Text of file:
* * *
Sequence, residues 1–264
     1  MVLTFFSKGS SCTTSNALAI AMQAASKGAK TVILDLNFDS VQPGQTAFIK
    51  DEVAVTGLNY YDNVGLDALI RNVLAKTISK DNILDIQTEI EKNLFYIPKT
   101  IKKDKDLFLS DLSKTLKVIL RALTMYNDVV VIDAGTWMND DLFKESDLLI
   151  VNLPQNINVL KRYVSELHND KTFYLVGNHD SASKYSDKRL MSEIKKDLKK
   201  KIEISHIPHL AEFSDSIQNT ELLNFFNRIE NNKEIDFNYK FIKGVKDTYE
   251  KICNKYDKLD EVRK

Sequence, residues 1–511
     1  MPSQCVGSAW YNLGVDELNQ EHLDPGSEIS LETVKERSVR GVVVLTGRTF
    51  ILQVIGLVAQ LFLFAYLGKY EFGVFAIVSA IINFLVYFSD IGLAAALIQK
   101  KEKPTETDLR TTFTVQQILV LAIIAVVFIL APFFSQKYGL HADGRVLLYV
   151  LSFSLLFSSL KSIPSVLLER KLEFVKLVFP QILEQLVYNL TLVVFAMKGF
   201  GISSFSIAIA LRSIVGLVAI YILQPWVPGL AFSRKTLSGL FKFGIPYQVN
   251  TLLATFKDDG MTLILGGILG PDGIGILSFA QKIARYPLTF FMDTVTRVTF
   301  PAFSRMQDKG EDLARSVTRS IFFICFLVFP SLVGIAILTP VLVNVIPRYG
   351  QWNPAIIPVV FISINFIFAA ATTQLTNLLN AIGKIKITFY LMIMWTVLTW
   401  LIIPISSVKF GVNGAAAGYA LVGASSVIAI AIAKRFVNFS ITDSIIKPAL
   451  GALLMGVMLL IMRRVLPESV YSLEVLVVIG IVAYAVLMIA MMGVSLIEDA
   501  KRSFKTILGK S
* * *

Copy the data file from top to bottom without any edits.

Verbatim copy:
Sequence, residues 1–264
     1  MVLTFFSKGS SCTTSNALAI AMQAASKGAK TVILDLNFDS VQPGQTAFIK
    51  DEVAVTGLNY YDNVGLDALI RNVLAKTISK DNILDIQTEI EKNLFYIPKT
   101  IKKDKDLFLS DLSKTLKVIL RALTMYNDVV VIDAGTWMND DLFKESDLLI
   151  VNLPQNINVL KRYVSELHND KTFYLVGNHD SASKYSDKRL MSEIKKDLKK
   201  KIEISHIPHL AEFSDSIQNT ELLNFFNRIE NNKEIDFNYK FIKGVKDTYE
   251  KICNKYDKLD EVRK

Sequence, residues 1–511
     1  MPSQCVGSAW YNLGVDELNQ EHLDPGSEIS LETVKERSVR GVVVLTGRTF
    51  ILQVIGLVAQ LFLFAYLGKY EFGVFAIVSA IINFLVYFSD IGLAAALIQK
   101  KEKPTETDLR TTFTVQQILV LAIIAVVFIL APFFSQKYGL HADGRVLLYV
   151  LSFSLLFSSL KSIPSVLLER KLEFVKLVFP QILEQLVYNL TLVVFAMKGF
   201  GISSFSIAIA LRSIVGLVAI YILQPWVPGL AFSRKTLSGL FKFGIPYQVN
   251  TLLATFKDDG MTLILGGILG PDGIGILSFA QKIARYPLTF FMDTVTRVTF
   301  PAFSRMQDKG EDLARSVTRS IFFICFLVFP SLVGIAILTP VLVNVIPRYG
   351  QWNPAIIPVV FISINFIFAA ATTQLTNLLN AIGKIKITFY LMIMWTVLTW
   401  LIIPISSVKF GVNGAAAGYA LVGASSVIAI AIAKRFVNFS ITDSIIKPAL
   451  GALLMGVMLL IMRRVLPESV YSLEVLVVIG IVAYAVLMIA MMGVSLIEDA
   501  KRSFKTILGK S